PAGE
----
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Bone marrow toxicity caused by azathioprine in inflammatory bowel disease: 27 years of experience.
  1. W R Connell,
  2. M A Kamm,
  3. J K Ritchie,
  4. J E Lennard-Jones
  1. St Mark's Hospital, London.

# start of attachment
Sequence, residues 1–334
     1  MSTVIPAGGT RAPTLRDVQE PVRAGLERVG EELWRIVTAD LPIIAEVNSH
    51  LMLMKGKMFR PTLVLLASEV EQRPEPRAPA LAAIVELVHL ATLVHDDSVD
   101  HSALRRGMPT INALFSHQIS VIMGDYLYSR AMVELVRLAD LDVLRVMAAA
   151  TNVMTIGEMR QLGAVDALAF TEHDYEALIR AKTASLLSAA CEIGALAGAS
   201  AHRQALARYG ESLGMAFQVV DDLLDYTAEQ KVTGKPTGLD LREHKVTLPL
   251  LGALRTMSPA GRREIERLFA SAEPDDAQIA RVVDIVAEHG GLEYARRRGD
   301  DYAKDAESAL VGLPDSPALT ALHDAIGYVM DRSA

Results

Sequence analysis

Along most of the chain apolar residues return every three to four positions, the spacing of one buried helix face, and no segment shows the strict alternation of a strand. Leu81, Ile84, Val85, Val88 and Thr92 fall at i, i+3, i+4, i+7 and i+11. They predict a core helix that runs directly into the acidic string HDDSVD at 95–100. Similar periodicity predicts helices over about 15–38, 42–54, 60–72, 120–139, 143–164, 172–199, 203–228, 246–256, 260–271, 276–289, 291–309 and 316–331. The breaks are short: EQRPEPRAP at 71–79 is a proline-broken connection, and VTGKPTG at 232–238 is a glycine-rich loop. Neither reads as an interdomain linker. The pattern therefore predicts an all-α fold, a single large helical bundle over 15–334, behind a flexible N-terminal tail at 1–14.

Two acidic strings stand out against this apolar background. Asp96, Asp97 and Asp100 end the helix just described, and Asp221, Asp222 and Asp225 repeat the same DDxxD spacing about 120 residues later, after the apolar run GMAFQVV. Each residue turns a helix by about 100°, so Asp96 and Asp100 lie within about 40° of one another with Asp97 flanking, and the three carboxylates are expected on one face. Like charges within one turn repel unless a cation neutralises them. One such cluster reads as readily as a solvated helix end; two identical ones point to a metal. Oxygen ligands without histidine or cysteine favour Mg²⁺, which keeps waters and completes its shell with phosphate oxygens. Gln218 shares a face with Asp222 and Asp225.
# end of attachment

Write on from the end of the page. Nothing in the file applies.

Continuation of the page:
Myelosuppression is an important and potentially lethal complication of azathioprine treatment. The blood count has been reviewed in all patients treated with azathioprine for inflammatory bowel disease over 27 years in one hospital. Altogether 739 patients (422 with Crohn's disease, 284 with ulcerative colitis, and 33 with indeterminate colitis) were treated with 2 mg/kg/day azathioprine for a median of 12.5 months (range 0.5-132) between 1964 and 1991. Full blood counts were performed monthly for the duration of treatment. In 37 patients (5%) who developed bone marrow toxicity, the drug was withdrawn or the dose reduced. Thirty two of these patients were asymptomatic and five developed symptoms. Leucopenia (white blood count less than 3.0 x 10g/l) occurred in 28 (3.8%) patients, in nine of whom it was severe (white blood count < 2.0 x 10(9)/l). Of these nine patients, three were pancytopenic: two died from sepsis and the other had pneumonia but recovered. A further two patients with severe leucopenia developed a mild upper respiratory infection only. Thrombocytopenia (platelet count < 100,000 x 10(6)/l) in 15 patients was associated with leucopenia in six and developed in isolation in a further nine (total 2%). Isolated thrombocytopenia was never clinically severe. Myelotoxicity from azathioprine developed at any time during drug treatment (range 2 weeks-11 years after starting the drug) and occurred either suddenly or over several months. Bone marrow suppression as a result of azathioprine treatment is uncommon when a moderate dose is used, but is potentially severe. Leucopenia is the commonest and most important haematological complication. Regular monitoring of the full blood count is recommended during treatment.

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